He also believes in his dreams and goals, and he demonstrates what it is to be ALL IN.
In fact, when the Savannah Bananas were getting started, they ran out of money early on. Jesse and his wife made the choice to fund the team by selling their own house; they believed so firmly in their ability to succeed that they literally put in everything they had.
They also brokered deals on many fronts. From their stadium lease, to an expensive expansion deal, they looked for ways to build their audience, engage with their community, and create a foundation for success.
One important aspect of these deals was to consider their community impact. Short term dollars could not override long term community concerns and needs. Using the concept of Fans First, Entertainment Always, Jesse ensured that every deal made had a positive impact on their fans. It’s a core part of what they do, and he stands by it 100%.
The promise you make to your people and your fans with your brand is vital.
Jesse understands that fans don’t want ads – so their stadium doesn’t have them. They gave up hundreds of thousands of dollars and potential income in order to stand behind their mission – Fans First. Their tickets are all inclusive, because fans aren’t served by being nickel and dimed every time they come to a game.
It’s a philosophy of caring for customers that goes far beyond lip service, and it impacts every deal that Jesse makes with his entertainment company and ball team.
Lessons on Pivoting
Jesse shares that when they tried to do what everyone else was doing, they got the results everyone else got. Now, he believes in doing the exact opposite.
At their start, the team didn’t have many resources. There was no massive budget for marketing. So instead of having a marketing plan and throwing dollars into ad spend, they looked for ways to garner attention.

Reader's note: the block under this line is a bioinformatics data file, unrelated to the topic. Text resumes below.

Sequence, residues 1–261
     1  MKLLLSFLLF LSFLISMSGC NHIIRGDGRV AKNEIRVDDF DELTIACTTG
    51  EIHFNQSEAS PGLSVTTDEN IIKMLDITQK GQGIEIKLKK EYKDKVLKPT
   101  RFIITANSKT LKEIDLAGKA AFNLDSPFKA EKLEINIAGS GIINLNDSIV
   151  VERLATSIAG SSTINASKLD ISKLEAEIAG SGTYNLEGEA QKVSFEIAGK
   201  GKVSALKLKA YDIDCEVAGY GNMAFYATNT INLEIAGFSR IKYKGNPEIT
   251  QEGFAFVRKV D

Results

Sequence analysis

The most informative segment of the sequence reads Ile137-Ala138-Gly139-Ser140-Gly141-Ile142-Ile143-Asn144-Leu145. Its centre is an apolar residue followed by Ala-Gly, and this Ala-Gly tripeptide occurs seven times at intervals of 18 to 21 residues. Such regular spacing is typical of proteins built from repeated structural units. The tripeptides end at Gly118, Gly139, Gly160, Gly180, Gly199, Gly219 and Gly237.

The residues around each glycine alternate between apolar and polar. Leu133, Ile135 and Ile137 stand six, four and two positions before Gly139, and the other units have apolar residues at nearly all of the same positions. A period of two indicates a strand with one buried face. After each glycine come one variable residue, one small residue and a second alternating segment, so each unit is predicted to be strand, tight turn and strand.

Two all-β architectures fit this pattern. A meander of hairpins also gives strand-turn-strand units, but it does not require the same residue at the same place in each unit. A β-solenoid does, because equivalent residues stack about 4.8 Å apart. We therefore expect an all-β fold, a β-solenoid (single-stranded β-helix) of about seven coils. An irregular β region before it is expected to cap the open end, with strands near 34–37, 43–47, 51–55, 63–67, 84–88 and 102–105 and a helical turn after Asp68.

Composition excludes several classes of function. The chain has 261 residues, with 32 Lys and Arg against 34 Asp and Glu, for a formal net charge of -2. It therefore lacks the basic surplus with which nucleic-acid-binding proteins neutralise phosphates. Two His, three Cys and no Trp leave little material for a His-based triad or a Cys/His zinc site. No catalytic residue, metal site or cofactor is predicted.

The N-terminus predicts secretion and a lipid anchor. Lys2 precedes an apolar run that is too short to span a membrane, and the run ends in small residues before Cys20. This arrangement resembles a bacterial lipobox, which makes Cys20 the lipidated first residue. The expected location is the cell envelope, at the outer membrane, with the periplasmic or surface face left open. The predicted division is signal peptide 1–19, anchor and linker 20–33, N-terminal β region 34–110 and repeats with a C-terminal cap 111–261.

To this day, Jesse encourages people to stop creating “marketing” plans, and start creating “attention” plans. Think about what a reporter would find compelling. Think about your fans most desire. Create experiences. Experiment to see what works, what draws your audience, and what gets people attention.
To tie in baseball metaphor: the player with the most hits in MLB history is also the player who had the most at bats.
If you’re a business that is constantly “planning” and never actually swings…you don’t have enough at bats to achieve extraordinary success.
Identify your core vision, then find ways to take action. Have a brainstorming session with your team, but then go out and DO something about. How many experiments can you do this week? This month? This year?
How can you release the need for everything to be perfected and polished, and instead choose to fail forward fast?
Jesse brings so much energy to this interview, and he dives deep on culture and growth as well! Listen to the full episode to learn more!
Corey Kupfer is an expert strategist, negotiator and dealmaker. He has more than 35 years of professional deal-making and negotiating experience. Corey is a successful entrepreneur, attorney, consultant, author and professional speaker who is passionate about deal-driven growth. He is also the creator and host of the DealQuest Podcast.
If you want to find out how deal-ready you are, take the Deal- Ready Assessment today!